And there’s the darkness that is the absence of God, who is somehow, in Godself, Light beyond all our understanding.

Today and tomorrow, through words and symbols and liturgy, we will encounter something of all of these kinds of darkness, and we well might find ourselves in touch with our own inner darkness, as well; the places in our psyche which we seldom subject to scrutiny, but in which lurk some of our deepest fears and hurts and shames.

This is not necessarily bad, but it can feel threatening, and we can be afraid of being overwhelmed by our own emotions or reactions.

The liturgies of these days give us, if you like, a container for those emotions and reactions; and are designed to give us a safe space to have these encounters.  We bracket the descent into darkness with moments of light; on this side of events, with supportive community and caring human touch, expressed in communion and foot washing; and on the other side of the grave, with the bursting new light and sound and joy of the resurrection, at the Easter vigil.

We visit the darkness not to linger in it, but to invite the light of God to penetrate it ever more deeply.  John’s gospel tells us that the light shines in the darkness, and the darkness does not overcome it.  It does not overcome – conquer – us, either; because we belong to the light.

Just as it did in the very first moment of creation, new light, new experiences of God in love and joy and so forth, can literally re-create us; transforming our darknesses into something far more wholesome and making us radiant in our very selves.

That’s part of the point of worship, actually.

Worship in general – and the services for today through to Sunday in particular – prod the limits of our comfort zones, making us aware of darkness and also summoning the light to overcome every instance of darkness.  In this community and its dynamics of love, we all, as disciples, are drawn into the life of heaven; into that realm of light, truth, love, and beauty which is the dwelling-place God.

All we have to do is be open in participating, and see what God will do; what light God will bring to each of us.

Reality check

This is a sermon for the second Sunday in Lent.  The Scripture it references is Mark 8:31-38.

What do you get out of coming to church?  That might be a dangerous question for me to ask.  I might be concerned that actually, you don’t get much out of it at all; that you spend half the service mentally making shopping lists and pondering the plot twist in last night’s TV show.

Forgive me, I’m being provocative.  But there’s a point I want to make about what the purpose of coming to church is.  So often, when I talk to couples wanting to have their child baptised, or to get married, who aren’t regular church goers, they’ll tell me that they don’t need to come to church because “I know what I believe.”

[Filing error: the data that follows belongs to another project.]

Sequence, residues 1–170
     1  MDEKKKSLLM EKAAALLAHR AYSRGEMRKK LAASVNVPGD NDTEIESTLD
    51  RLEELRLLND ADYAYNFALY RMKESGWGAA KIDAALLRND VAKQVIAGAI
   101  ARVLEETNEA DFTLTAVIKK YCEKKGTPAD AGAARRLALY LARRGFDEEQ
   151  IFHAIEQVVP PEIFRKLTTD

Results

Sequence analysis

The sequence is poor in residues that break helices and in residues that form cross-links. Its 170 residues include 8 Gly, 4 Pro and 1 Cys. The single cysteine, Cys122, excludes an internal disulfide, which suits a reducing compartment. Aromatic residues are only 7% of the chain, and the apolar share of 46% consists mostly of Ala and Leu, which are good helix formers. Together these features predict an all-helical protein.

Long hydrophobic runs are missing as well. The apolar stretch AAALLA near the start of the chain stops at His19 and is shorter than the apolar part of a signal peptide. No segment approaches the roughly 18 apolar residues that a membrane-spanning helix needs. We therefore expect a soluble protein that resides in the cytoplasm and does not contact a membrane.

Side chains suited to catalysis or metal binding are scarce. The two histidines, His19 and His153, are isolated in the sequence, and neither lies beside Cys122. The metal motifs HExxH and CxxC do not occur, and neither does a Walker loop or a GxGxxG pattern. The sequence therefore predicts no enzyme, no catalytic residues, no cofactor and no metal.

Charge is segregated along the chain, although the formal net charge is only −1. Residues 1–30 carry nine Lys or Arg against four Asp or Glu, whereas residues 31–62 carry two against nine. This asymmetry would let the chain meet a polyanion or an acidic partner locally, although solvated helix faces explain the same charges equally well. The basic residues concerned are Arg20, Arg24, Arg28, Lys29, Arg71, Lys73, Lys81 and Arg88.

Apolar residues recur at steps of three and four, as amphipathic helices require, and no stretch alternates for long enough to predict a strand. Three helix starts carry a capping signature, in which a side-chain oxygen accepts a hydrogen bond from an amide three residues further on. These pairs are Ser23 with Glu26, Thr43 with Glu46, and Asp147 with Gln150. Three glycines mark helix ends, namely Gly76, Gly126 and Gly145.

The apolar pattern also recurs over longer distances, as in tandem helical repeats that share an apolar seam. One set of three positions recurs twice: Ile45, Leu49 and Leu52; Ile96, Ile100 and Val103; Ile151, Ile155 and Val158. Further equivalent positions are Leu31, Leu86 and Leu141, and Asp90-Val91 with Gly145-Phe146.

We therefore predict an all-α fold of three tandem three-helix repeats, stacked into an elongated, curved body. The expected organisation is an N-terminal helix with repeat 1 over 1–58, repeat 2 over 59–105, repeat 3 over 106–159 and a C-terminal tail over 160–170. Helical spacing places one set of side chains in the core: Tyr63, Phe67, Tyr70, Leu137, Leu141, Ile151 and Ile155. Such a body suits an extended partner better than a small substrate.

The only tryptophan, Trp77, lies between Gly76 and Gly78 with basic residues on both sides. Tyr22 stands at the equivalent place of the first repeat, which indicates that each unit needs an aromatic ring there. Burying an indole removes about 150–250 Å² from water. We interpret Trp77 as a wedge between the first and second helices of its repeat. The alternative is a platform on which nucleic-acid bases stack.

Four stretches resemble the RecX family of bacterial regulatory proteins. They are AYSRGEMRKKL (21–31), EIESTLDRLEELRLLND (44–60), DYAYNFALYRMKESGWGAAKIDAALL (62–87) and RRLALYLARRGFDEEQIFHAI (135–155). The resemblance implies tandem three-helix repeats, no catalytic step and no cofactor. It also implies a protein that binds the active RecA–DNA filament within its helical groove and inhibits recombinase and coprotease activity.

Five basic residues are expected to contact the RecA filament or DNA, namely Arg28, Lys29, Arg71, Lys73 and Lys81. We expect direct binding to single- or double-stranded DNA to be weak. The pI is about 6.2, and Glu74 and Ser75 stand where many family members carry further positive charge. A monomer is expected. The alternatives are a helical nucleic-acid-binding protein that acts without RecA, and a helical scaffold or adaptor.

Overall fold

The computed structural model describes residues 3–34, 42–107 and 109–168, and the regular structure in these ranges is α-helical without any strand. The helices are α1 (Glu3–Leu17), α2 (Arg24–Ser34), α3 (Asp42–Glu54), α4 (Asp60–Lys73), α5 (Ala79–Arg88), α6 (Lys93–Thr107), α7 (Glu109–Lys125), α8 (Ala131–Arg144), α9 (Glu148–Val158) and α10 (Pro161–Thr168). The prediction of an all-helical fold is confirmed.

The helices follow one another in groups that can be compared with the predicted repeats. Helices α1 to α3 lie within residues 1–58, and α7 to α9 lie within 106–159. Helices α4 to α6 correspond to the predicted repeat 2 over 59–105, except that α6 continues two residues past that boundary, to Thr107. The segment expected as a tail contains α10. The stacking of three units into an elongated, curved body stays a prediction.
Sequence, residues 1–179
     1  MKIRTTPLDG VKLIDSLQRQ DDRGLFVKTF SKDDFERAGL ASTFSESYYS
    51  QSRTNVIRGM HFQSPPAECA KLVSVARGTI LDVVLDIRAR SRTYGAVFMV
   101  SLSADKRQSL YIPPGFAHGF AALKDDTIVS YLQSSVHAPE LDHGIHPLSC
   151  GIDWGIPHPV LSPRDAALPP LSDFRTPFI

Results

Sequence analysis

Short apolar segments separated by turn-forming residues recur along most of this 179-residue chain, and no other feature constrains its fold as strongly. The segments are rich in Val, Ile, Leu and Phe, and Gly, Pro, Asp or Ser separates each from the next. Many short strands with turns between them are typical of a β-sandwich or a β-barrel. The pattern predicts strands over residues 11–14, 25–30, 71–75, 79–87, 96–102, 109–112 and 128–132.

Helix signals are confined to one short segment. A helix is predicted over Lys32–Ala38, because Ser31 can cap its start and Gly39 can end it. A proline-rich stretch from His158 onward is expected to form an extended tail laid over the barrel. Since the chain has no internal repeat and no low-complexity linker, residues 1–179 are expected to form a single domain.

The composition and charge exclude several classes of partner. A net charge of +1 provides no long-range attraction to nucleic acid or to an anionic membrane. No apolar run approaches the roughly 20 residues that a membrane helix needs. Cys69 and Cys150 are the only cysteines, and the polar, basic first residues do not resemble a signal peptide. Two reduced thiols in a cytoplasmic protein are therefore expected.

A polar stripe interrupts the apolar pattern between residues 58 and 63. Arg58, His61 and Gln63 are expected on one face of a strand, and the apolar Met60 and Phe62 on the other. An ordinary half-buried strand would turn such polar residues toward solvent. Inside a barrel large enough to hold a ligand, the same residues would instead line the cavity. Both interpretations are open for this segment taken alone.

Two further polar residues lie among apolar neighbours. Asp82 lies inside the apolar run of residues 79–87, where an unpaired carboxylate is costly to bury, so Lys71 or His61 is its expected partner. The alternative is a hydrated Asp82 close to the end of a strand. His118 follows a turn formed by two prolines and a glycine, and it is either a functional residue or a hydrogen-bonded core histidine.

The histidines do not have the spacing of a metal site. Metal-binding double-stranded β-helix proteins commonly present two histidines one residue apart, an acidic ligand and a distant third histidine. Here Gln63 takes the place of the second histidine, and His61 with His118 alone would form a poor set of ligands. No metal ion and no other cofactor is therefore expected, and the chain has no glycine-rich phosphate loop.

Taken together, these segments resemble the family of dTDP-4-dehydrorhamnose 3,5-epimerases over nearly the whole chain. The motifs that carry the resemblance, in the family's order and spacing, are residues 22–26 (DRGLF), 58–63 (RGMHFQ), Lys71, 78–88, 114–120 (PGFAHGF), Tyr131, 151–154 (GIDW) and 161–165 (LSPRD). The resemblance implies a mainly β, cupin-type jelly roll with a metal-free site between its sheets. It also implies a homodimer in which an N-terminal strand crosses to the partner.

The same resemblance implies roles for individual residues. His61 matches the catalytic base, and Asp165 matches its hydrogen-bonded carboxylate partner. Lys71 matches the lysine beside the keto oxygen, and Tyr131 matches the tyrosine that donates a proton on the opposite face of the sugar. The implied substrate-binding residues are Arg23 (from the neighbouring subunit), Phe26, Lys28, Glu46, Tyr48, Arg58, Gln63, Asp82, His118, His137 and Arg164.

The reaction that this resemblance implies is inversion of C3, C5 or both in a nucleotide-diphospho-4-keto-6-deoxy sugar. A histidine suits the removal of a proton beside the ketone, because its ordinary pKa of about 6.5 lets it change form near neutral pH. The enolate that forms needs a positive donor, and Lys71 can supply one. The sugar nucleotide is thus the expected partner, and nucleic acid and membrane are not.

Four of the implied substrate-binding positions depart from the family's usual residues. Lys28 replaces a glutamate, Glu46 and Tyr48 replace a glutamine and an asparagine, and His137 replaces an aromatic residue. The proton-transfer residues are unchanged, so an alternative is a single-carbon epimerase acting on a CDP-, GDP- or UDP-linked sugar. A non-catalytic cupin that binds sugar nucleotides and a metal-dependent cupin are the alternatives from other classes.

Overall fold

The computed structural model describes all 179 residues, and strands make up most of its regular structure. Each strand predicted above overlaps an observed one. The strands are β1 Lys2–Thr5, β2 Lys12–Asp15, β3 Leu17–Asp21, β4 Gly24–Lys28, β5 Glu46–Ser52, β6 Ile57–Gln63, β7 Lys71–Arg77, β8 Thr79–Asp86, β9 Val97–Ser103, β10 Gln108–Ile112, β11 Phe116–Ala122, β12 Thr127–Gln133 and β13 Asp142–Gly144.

And this bothers me a bit, because – while I know what I believe, and even have a degree in it – I don’t imagine that that means I don’t need to be at church.  Because the church service on Sunday isn’t only, or even mainly, about telling you what to believe, or, even worse, what to think.

It has two main purposes; first, to allow us to connect with and relate to God, as actual persons – Father, Son, and Holy Spirit – and not as a set of doctrinal ideas.  And second, to help us integrate what we say and sing and hear at church into how we think and live.

This goes beyond telling you what to believe, and into the realm of inspiration, of shaping the imagination, of forming a vision and a sense of purpose and commitment to action.  It’s starting with what we believe, and then pushing beyond that, to ask ourselves, so what?  We believe in God, so what?  How will that matter all the other six days when we’re not here, and we’re going about our lives as students and workers and grandparents and doing whatever we do?

This is also, by the way, why things like the architecture of churches matter.  It’s not just about what’s beautiful or appealing; because what we experience while we’re in the building, and how we move through it and relate to one another in it, shape our deep convictions about God, and how we act out those convictions.

Why should anyone have cared about the radical design of a round church like this one?  It implies a different view of the community that gathers in it, and how they worship together, than the old basilica-style rectangles where all the holiness is up one end and many people knew that their place was up the other end, away from any sense of participation in that holiness.  In a round church, theoretically, there isn’t a hierarchy of space and we all participate in the holiness of what happens here; and that equality might overflow into the rest of the week…

Oddly, we haven’t followed through with that conviction in the way we’ve arranged the furniture, but that might be a matter for ongoing consideration.